The hangar at the Strensham airbase in Worcestershire is home to G-HWAA, also known as Helimed 06. Since 1991 the charity has responded to more than 43,000 missions, averaging 2,000 every year making it one of the longest established and busiest air ambulance organisations in the United Kingdom. Every morning the duty pilot performs fuel checks and transports the helicopter onto the pad ready for its first mission. The hangar is also home to specialist medical equipment and helicopter maintenance apparatus.
The Strensham airbase in Worcestershire is situated at the Strensham Services on the M5 motorway. The airbase was opened in 1999 and was the first motorway air ambulance airbase in the country, proving to be an excellent location for responding to incidents in the quickest possible time. It is home to the Education and Training Centre where school children can have the chance to handle a range of specialist tools such as flight suits, helmets and lifesaving equipment used by Midlands Air Ambulance Charity.
Captain Mark Dennis’s flight helmet hangs inside G-HWAA at the Strensham airbase in Worcestershire. Mark is one of two duty pilots based at Strensham and has been working with Midlands Air Ambulance Charity since September 2011. Since he began his flying career Mark worked for the Royal Air Force and Police Aviation Services before becoming a HEMS pilot at Strensham. During a mission all the aircrew must wear a helmet for protection and communication purposes. Each helmet costs the charity around £1,500.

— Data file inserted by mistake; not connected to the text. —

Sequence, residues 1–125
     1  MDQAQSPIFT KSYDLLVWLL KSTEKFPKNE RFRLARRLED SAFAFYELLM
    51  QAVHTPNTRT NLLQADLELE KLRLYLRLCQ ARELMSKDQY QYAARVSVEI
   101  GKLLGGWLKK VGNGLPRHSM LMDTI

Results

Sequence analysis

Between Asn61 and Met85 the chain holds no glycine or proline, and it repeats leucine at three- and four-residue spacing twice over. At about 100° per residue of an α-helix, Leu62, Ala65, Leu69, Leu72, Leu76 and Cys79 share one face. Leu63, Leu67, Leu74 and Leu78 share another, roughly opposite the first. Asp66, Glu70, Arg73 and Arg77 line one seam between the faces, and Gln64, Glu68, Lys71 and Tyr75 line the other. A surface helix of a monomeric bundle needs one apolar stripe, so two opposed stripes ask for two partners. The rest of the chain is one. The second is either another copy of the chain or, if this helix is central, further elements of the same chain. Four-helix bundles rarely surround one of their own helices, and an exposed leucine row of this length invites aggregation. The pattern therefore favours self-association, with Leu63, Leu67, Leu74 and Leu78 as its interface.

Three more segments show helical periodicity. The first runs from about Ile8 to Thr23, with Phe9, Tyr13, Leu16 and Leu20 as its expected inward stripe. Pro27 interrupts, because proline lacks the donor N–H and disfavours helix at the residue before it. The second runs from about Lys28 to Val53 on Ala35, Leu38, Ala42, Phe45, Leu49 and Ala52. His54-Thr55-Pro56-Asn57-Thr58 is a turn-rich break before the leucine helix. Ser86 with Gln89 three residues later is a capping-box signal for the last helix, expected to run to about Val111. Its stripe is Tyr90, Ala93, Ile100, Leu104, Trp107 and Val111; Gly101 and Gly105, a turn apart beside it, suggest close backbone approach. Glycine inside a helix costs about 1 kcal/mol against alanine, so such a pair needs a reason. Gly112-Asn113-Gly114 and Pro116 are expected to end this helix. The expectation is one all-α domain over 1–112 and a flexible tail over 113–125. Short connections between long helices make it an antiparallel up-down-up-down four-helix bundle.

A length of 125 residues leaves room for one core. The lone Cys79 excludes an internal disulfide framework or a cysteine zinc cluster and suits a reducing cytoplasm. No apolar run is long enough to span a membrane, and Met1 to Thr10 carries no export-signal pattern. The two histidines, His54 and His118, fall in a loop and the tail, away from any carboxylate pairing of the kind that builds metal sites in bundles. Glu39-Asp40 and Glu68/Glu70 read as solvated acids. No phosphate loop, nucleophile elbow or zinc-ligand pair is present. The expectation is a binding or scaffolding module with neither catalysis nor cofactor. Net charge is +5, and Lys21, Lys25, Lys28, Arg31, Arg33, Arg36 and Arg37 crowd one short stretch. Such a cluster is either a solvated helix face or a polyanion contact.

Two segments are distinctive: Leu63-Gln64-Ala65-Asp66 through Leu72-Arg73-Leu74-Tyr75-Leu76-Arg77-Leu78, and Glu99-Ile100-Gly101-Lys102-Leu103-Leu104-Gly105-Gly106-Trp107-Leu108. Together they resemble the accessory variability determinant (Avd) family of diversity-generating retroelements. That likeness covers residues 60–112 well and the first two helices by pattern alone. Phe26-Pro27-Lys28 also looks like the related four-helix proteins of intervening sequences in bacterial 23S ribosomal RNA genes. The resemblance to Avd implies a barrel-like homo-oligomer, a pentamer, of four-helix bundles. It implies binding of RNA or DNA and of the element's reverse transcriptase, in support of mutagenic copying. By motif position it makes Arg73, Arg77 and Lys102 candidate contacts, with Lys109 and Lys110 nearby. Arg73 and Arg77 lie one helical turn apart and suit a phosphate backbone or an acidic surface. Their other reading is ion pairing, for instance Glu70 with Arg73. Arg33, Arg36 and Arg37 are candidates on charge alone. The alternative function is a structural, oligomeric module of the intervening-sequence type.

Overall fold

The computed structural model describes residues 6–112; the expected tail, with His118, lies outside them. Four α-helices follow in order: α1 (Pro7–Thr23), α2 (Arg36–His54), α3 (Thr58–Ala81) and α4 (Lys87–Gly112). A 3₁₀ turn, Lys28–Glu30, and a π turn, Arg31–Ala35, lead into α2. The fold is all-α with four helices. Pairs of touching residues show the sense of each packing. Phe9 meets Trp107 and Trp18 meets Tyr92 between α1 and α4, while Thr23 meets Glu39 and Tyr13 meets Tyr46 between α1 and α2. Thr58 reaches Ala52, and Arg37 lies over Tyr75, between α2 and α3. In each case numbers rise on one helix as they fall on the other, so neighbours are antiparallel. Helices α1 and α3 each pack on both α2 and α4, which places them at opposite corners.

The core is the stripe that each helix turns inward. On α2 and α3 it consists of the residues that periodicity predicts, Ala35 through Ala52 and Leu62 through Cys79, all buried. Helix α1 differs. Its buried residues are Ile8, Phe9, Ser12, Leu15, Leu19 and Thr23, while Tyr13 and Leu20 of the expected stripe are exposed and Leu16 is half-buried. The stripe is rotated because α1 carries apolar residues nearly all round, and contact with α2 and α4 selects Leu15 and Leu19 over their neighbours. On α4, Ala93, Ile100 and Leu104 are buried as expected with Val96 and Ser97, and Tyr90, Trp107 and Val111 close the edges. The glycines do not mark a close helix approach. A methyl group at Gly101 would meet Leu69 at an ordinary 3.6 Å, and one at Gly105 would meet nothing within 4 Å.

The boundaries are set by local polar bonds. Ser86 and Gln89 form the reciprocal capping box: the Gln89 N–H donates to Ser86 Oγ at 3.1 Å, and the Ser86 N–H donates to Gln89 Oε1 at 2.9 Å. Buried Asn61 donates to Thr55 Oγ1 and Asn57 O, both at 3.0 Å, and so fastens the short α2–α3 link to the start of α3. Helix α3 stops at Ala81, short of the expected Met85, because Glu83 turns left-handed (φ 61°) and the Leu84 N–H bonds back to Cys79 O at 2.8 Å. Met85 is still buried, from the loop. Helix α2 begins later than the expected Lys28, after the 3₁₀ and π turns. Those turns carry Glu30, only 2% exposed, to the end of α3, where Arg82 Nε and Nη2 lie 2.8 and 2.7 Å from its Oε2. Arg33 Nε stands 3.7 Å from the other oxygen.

Flight paramedic Laura Rogers refuels G-HWAA whilst Captain James McAlpine oversees the fuel intake at the Strensham airbase in Worcestershire. Laura works with West Midlands Ambulance Service's Hazardous Area Response Team (HART) and was one of six new recruits to join Midlands Air Ambulance Charity in October 2014. All new flight paramedics have to undertake a helicopter emergency medical service (HEMS) course that teaches them about navigation, meteorology, basic airmanship and safety around the aircraft.